Credit Suisse underwhelms with plan to shrink interest rate trading

ZURICH (Reuters) - Credit Suisse CSGN.VX will shrink interest rate trading after revenue and profit at its investment bank slid in the third quarter, it said on Thursday, further scaling back an area squeezed by strict new regulation and a drop in activity.

A logo is seen on the main entrance of the headquarters of Swiss bank Credit Suisse at the Paradeplatz square in Zurich, January 31, 2012. REUTERS/Christian Hartmann

Rivals UBS UBSN.VX, Deutsche Bank DBKGn.DE and Barclays BARC.L are all restructuring their investment banks - less lucrative in volatile post-crisis markets and under fire from regulators insisting banks swap risk for more capital - and some analysts said Chief Executive Brady Dougan had not gone far enough compared to his peers.

After announcing that investment banking income slid nearly a fifth, Credit Suisse said it would ramp down the rates business with the aim of lowering risky assets by $7 billion and leverage by $60 billion. The bank, which added 500 staff at its investment bank in the third quarter, said this would result in job cuts but gave no further details.

Credit Suisse’s investment bank, already suffering a general slump, was also hit by a fall in fixed income trading in the third quarter when clients steered clear of those products until the U.S. Federal Reserve clarified its intentions regarding its bond buying programme.

While Credit Suisse is not alone in suffering from this - American banks including Goldman Sachs GS.N have said they too tussled difficult fixed income markets - analysts suggested the Swiss bank had been slow to limit its exposure.

At Credit Suisse, fixed income and bond trading made for 29 percent of overall revenue last year, compared with 22 percent before the financial crisis of 2008-09. By contrast UBS said a year ago it planned to cut 10,000 investment bank staff by withdrawing from large parts of fixed income and would focus almost exclusively on private banking.

Meanwhile, Barclays is cutting 1,800 staff and Deutsche is trimming 1,500 jobs at their investment banking arms.

Credit Suisse said it would cut spending by at least another 100 million francs to more than 4.5 billion by the end of 2015. Analysts expect it to slash its repo book and push derivatives trading onto exchanges as opposed to over-the-counter, but many were underwhelmed: Deutsche Bank called Thursday’s announcement “a small evolutionary step” and JPMorgan said Credit Suisse needed to make deeper investment banking cuts.

JPMorgan analyst Kian Abouhossein noted the bank will still be left with a 50-50 mix of investment banking capital and private banking business - and an investment bank almost double that of UBS in terms of risk-weighted assets.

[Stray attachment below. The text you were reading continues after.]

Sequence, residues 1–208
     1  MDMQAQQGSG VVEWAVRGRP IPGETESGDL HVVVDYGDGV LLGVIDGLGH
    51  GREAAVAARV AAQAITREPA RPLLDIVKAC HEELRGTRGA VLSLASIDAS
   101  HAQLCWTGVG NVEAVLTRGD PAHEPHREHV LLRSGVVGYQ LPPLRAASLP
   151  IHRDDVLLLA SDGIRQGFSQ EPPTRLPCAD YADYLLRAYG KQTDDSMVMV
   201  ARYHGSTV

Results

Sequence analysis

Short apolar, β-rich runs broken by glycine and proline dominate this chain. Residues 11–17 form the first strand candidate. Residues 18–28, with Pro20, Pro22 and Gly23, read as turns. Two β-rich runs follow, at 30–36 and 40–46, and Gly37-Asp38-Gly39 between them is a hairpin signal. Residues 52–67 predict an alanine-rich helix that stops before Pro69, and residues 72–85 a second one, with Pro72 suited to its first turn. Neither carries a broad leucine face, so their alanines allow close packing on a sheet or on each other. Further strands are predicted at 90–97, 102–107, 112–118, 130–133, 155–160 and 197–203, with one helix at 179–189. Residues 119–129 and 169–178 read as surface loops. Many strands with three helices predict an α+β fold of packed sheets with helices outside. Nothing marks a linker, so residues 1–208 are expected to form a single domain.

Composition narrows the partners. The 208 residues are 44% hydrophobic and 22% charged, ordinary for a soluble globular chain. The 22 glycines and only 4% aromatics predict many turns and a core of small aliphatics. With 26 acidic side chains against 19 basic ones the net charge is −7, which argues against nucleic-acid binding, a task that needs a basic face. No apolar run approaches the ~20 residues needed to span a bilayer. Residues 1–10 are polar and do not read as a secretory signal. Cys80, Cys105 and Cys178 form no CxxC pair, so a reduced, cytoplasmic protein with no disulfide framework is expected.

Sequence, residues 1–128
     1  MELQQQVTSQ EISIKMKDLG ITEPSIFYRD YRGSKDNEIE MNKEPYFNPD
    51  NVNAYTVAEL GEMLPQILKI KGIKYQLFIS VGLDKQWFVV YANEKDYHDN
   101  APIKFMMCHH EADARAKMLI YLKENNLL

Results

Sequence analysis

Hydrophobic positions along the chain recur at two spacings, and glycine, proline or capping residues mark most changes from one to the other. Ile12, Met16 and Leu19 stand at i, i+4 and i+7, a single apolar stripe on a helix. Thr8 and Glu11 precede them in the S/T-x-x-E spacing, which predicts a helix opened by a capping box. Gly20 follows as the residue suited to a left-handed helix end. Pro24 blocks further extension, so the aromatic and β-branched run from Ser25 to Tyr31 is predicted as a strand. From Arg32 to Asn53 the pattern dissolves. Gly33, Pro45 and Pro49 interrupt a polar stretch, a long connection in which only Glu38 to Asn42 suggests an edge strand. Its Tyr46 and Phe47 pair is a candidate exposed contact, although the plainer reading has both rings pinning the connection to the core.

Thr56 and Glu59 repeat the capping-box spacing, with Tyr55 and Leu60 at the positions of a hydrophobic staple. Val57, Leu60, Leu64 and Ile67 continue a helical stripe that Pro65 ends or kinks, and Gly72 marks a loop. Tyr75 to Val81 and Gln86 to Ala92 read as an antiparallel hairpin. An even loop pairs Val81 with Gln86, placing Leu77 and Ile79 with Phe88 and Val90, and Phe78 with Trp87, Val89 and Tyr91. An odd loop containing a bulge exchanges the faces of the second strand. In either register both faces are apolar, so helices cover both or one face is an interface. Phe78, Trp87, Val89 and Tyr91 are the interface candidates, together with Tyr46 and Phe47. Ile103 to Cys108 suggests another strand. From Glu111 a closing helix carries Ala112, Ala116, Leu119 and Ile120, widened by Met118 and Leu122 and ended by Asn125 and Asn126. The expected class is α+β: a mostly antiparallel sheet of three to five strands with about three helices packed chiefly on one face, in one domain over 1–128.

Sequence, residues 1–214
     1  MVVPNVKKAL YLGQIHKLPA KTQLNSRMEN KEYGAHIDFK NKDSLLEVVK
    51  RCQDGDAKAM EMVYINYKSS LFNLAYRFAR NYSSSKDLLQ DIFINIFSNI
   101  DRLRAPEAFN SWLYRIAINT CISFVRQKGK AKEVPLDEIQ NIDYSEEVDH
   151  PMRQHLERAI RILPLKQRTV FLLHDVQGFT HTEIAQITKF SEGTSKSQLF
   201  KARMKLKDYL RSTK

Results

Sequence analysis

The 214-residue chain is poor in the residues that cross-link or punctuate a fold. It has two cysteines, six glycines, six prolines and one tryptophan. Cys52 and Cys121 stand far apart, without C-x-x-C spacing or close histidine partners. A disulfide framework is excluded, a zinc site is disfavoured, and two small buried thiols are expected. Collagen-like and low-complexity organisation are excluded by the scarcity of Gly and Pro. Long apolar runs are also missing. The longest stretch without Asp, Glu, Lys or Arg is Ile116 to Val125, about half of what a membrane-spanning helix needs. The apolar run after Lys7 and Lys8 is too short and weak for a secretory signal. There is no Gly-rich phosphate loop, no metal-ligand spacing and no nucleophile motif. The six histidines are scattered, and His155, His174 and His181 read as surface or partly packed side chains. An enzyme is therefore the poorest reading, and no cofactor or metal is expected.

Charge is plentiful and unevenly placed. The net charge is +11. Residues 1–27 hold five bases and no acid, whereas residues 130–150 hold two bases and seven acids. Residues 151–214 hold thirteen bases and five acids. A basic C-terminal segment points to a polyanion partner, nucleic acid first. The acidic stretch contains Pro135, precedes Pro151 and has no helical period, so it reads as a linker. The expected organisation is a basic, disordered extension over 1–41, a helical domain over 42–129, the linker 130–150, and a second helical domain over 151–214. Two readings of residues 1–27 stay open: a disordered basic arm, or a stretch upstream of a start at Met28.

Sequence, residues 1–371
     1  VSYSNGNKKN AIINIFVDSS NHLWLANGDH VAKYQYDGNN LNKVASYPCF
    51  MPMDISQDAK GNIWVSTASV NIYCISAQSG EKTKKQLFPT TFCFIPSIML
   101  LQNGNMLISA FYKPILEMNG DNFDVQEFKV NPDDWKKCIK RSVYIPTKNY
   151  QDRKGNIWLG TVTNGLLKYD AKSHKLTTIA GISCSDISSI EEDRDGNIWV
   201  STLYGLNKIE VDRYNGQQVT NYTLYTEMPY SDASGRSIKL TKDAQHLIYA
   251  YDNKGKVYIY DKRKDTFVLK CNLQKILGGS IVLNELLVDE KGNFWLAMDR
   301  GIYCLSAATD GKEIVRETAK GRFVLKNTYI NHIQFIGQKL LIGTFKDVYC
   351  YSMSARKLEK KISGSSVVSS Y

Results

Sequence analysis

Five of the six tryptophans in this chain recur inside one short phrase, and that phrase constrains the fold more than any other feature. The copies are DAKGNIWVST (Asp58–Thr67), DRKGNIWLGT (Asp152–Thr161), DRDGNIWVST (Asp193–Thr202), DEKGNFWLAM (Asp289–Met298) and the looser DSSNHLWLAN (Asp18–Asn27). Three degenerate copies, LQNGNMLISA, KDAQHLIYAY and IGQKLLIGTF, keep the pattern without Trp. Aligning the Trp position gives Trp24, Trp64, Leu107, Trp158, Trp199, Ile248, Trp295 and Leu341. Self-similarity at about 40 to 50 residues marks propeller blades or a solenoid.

“We would have liked and expect in the long-term further investment banking restructuring within the Tier II fixed income, currencies and commodities franchise,” Abouhossein said.


Investors also voiced their disproval. By 1321 GMT, the stock was down 2.9 percent at 29 francs, against 0.7 percent rise across European banks overall .SX7P

Credit Suisse’s overall net profit rose to 454 million Swiss francs ($509.1 million) from the year-ago period - when charges linked to its own debt ate into profits - well short of analyst estimates, which averaged 705 million francs. Revenue dipped little more than 1 percent.

CEO Dougan told analysts Credit Suisse still plans to pay a 2013 dividend and stowed funds in the most recent quarter to do so. He did not specify a payout ratio. The bank paid a largely stock dividend of 0.75 francs in 2012, and flagged a return to cash when it met key capital ratios, which it has now achieved.

Credit Suisse private bank’s net new money stood at 8.1 billion francs amid inflows from lucrative asset management products as well as ultra-wealthy and emerging market clients.

However the unit faces headwinds: Credit Suisse is among roughly a dozen Swiss banks under investigation by U.S. prosecutors for helping wealthy Americans evade tax and is negotiating to settle the allegations.

A July deal brokered by the Swiss government paved the way for Credit Suisse and others to hand over information on where clients closing their accounts moved their money.

Since then, Credit Suisse has delivered “substantial, high-level” data on clients leaving, and is preparing to provide more specific data, financial head David Mathers said on Thursday.

More banking results follow Credit Suisse this week: Deutsche Bank and UBS both report the quarter on Tuesday and British bank Barclays reports on Wednesday.

($1 = 0.8918 Swiss francs)

Additional reporting by Steve Slater; Editing by Sophie Walker